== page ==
1. I agree with your construction--Silwan should be Palestinian now and West Jerusalem should remain Israeli--but the reason that the presence of Yemenite Jews in Silwan is important to point out is that it responds to the myth perpetuated even by well-meaning supporters of peace that 1948 is nothing but the product of ethnic cleansing by Jews. The presence of Yemenite Jews in Silwan highlights what is the ultimate truth, namely, that we face today a situation that is the direct result of a poorly planned and failed campaign by Palestinian Arabs to thwart partition beginning in November of 1947, followed by an equally failed and boneheaded and tragic invasion by nations surrounding the newly-born Israel in May of 1948.

  2. You make the sweeping statement as a matter of fact that we all live in the present, not the past. But if you reflect and investigate, you'll find this is not a matter of fact.
    As for a solution, I don't believe the Two States for Two People is sustainable. It foreseee that there will be one state for one compound Israelite nation - of Jewish, Arabs (and other) tribes

  3. Where is Silwan?
    Silwan is a neighborhood in the southern part of East Jerusalem, adjacent to the Old City. It is built on the slope descending from the Mount of Olives. The City of David (Ir David) archeological site is contained within Silwan.
    In 1967, after the annexation of East Jerusalem, Silwan was included in the municipal boundaries of the City of Jerusalem.

    Who lives and has lived in Silwan?
    Silwan was named after the Siloam Pool that was Jerusalem’s water reservoir during biblical times.
    King Hezekiah’s aqueduct from the 8th century BCE was discovered in this area. The tunnel runs under the biblical City of David moving water from the Gihon spring to the Pool of Siloam. This aqueduct contained one of the oldest known Hebrew inscriptions. (The Turks removed this tablet to Istanbul as Ottoman cultural property.)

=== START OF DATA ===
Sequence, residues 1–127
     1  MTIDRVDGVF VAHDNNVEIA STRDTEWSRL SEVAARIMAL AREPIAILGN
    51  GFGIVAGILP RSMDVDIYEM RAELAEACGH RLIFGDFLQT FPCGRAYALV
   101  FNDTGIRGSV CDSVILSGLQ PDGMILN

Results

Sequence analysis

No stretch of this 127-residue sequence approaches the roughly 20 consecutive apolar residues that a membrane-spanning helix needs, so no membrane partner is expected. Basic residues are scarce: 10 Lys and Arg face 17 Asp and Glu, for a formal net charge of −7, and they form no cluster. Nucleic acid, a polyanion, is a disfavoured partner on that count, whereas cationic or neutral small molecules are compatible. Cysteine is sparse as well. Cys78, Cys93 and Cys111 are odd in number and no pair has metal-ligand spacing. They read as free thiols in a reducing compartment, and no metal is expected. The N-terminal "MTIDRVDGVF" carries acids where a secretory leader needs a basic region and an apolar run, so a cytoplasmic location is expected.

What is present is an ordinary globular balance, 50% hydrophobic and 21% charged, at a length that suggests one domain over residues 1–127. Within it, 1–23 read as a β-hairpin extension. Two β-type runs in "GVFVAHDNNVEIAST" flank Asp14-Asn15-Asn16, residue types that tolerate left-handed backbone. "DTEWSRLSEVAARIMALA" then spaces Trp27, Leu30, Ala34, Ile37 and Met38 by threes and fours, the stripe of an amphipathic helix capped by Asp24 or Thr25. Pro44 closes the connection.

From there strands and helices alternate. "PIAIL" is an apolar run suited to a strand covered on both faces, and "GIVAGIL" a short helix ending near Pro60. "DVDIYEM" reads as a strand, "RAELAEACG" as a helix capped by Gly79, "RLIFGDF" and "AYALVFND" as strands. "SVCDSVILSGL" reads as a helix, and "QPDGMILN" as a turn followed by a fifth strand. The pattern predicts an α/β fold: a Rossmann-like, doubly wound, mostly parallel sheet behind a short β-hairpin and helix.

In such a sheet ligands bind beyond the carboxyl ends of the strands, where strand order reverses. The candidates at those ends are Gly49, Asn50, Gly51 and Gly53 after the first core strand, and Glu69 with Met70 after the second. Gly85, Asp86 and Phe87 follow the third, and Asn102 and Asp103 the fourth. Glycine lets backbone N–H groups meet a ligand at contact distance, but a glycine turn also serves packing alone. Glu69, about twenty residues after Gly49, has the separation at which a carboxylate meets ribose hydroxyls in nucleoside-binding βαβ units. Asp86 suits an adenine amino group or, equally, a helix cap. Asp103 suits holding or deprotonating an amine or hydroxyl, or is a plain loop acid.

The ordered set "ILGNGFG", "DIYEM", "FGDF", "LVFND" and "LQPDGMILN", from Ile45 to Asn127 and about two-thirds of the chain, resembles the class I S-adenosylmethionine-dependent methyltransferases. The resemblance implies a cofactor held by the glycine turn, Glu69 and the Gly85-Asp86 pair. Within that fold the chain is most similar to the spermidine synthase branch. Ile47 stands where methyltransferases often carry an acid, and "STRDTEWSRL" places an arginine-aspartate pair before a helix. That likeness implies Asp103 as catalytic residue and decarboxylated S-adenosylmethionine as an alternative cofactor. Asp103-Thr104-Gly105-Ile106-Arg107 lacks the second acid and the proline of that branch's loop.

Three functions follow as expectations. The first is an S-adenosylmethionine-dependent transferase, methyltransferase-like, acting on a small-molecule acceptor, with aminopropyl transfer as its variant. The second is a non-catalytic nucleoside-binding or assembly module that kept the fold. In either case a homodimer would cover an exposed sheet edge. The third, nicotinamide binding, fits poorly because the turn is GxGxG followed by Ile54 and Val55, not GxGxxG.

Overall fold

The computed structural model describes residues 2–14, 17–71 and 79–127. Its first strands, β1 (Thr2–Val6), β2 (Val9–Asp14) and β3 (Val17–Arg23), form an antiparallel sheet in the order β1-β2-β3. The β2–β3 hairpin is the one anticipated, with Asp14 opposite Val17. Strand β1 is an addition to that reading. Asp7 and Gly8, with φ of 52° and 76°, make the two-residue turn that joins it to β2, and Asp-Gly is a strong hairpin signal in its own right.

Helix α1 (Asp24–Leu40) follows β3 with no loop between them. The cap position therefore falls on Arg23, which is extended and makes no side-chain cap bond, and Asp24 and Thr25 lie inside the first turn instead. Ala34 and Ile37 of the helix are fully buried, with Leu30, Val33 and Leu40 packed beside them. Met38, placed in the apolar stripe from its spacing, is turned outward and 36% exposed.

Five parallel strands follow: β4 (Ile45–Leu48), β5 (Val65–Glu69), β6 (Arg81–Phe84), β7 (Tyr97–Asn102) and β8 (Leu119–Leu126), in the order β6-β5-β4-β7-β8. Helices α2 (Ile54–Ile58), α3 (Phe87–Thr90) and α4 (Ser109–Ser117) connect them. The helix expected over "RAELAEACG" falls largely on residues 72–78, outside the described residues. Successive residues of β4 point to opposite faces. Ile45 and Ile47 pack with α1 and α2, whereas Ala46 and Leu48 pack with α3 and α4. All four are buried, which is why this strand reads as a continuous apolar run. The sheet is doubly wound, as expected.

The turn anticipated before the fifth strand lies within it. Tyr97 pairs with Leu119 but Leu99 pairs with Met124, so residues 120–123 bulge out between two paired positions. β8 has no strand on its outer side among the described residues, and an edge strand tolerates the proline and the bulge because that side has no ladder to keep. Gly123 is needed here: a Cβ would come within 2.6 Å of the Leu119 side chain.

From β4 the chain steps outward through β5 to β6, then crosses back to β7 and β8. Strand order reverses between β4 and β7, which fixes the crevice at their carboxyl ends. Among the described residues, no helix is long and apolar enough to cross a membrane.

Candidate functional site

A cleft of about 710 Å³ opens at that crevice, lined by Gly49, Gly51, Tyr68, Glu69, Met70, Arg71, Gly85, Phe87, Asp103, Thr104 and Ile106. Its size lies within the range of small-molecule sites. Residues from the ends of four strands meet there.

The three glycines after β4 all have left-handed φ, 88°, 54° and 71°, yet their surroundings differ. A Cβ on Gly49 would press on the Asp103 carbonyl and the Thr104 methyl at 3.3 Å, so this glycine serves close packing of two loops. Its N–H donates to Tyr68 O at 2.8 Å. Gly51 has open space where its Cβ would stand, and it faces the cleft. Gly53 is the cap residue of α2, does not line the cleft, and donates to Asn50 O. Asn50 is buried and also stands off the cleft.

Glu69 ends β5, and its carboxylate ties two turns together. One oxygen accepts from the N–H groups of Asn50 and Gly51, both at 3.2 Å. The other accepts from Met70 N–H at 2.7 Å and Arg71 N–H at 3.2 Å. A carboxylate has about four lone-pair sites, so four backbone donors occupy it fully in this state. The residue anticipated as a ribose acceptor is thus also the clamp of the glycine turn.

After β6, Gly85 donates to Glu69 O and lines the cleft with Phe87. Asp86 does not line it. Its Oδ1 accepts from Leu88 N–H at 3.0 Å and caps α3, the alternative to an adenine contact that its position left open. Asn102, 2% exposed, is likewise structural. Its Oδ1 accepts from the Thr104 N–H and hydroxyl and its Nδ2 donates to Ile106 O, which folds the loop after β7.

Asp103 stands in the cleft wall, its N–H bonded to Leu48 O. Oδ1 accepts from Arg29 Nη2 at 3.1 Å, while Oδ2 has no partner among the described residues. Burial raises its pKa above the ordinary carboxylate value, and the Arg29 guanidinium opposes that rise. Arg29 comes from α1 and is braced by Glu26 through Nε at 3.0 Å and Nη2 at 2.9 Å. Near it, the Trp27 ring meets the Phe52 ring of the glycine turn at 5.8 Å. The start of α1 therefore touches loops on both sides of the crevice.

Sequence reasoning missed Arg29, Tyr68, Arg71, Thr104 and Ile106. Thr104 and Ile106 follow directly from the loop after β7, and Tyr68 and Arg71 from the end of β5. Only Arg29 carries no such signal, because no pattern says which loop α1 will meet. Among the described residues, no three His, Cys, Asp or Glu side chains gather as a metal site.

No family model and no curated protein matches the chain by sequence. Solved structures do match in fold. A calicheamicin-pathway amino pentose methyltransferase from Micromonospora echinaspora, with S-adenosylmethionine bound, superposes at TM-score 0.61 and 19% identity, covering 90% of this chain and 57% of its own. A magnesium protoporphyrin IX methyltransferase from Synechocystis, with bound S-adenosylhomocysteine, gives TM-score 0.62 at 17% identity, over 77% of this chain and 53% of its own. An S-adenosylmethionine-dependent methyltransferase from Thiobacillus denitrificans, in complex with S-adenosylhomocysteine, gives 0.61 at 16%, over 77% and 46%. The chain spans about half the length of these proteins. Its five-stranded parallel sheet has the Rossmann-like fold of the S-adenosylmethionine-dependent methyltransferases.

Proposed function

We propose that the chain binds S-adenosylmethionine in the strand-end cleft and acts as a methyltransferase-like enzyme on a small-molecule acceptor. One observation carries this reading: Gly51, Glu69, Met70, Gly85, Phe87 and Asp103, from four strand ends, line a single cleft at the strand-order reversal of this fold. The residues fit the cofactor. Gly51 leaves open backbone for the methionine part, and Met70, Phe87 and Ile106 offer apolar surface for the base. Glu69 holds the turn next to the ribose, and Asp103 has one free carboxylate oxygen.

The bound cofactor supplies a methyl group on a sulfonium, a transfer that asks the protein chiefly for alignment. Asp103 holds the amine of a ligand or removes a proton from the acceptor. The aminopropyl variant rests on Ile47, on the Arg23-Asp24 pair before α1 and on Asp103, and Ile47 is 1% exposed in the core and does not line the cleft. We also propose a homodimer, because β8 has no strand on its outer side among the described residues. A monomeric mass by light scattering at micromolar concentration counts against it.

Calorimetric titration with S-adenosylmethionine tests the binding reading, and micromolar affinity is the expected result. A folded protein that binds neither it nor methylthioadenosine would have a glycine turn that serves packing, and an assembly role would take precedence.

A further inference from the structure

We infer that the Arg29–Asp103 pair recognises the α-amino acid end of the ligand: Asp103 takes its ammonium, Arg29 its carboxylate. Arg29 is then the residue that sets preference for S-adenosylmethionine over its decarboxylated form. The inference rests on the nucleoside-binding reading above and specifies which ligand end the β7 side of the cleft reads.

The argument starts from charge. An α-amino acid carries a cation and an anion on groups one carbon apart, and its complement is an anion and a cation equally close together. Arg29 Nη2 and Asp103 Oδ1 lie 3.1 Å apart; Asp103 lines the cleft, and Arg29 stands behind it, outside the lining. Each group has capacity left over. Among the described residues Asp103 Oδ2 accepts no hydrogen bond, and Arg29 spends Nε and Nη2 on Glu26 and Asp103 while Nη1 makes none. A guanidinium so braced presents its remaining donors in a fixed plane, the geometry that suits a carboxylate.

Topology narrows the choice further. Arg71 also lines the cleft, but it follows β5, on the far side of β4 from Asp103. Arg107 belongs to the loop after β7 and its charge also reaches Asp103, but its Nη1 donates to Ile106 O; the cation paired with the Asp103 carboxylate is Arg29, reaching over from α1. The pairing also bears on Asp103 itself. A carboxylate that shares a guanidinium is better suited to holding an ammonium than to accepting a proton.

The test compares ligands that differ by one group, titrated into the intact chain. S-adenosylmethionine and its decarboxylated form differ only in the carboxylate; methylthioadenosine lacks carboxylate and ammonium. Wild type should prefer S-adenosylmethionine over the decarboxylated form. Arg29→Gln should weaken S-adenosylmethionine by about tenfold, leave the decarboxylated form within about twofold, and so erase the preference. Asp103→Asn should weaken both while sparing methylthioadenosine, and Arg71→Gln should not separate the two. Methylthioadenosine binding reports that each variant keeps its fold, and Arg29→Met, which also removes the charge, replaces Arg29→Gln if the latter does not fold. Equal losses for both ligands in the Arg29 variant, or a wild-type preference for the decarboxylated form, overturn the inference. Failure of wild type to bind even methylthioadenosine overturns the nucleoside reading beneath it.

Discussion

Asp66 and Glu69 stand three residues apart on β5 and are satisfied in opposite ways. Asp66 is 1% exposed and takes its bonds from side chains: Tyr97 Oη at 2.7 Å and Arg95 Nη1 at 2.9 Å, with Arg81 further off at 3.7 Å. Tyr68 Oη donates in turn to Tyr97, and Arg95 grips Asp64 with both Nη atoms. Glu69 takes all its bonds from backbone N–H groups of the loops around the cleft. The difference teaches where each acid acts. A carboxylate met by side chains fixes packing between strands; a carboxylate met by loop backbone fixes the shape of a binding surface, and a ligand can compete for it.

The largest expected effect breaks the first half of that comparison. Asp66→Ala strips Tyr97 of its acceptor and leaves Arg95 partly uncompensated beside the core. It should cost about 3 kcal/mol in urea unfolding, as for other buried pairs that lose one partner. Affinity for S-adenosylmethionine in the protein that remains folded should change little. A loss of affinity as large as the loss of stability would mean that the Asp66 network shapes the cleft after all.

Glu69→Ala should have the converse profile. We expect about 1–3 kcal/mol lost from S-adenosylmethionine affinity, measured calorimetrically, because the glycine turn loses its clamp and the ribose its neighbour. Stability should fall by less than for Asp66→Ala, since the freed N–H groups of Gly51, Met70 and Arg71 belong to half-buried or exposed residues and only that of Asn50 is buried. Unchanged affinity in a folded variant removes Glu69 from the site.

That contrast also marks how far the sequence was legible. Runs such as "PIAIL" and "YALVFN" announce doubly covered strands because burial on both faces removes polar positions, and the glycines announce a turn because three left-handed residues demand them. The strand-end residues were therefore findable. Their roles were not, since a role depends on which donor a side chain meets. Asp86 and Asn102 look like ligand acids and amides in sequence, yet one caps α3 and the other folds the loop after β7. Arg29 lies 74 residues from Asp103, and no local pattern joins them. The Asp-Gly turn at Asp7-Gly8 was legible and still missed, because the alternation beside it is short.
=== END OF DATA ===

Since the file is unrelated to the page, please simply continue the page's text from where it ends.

In 2005, archeologist uncovered a large building that is likely either part of King David’s palace or part of a city wall from the Prophet Nehemiah’s period.

    The Silwan area has been continuous inhabited since at least the 9th century CE. In the 9th century CE, Karaite Jews established a community on the western side of the slope and resided there for several hundred years.

    The village of Silwan, which is mostly located on the eastern side of the slope, dates back to the 16th century CE and its residents have been primarily Arabs.

    In 1873 Sephardic Jews from the Old City purchased land and built houses in an area outside of the village. In 1881, a group of Yemenite Jews joined them. About 200 Yemenite families were living in the Silwan area by 1884.

    According to the 1915 Ottoman census, a population of 500 people resided in the village.
    It is not known how many Jews lived in the area before the riots of 1921 when the Arab community attacked the Jewish community around Silwan.

    The British 1922 Palestine census noted a 300 percent increase in population in Silwan to about 1900 residents. This population was predominately Muslim (80%), with minorities of Jews (18%) and Christians (2%).

    The Arab community again attacked the Jewish community around Silwan in the 1929 riots. Under pressure from the British Mandate Authority, many Jewish families were forced to leave
    the neighborhood. They returned in 1930 and rebuilt their homes, only to be evacuated by the British in 1938 at the height of the Arab Revolt.

    There was no Jewish presence in Silwan between 1939 and 1967. From 1948 until 1967, Silwan was under Jordanian rule.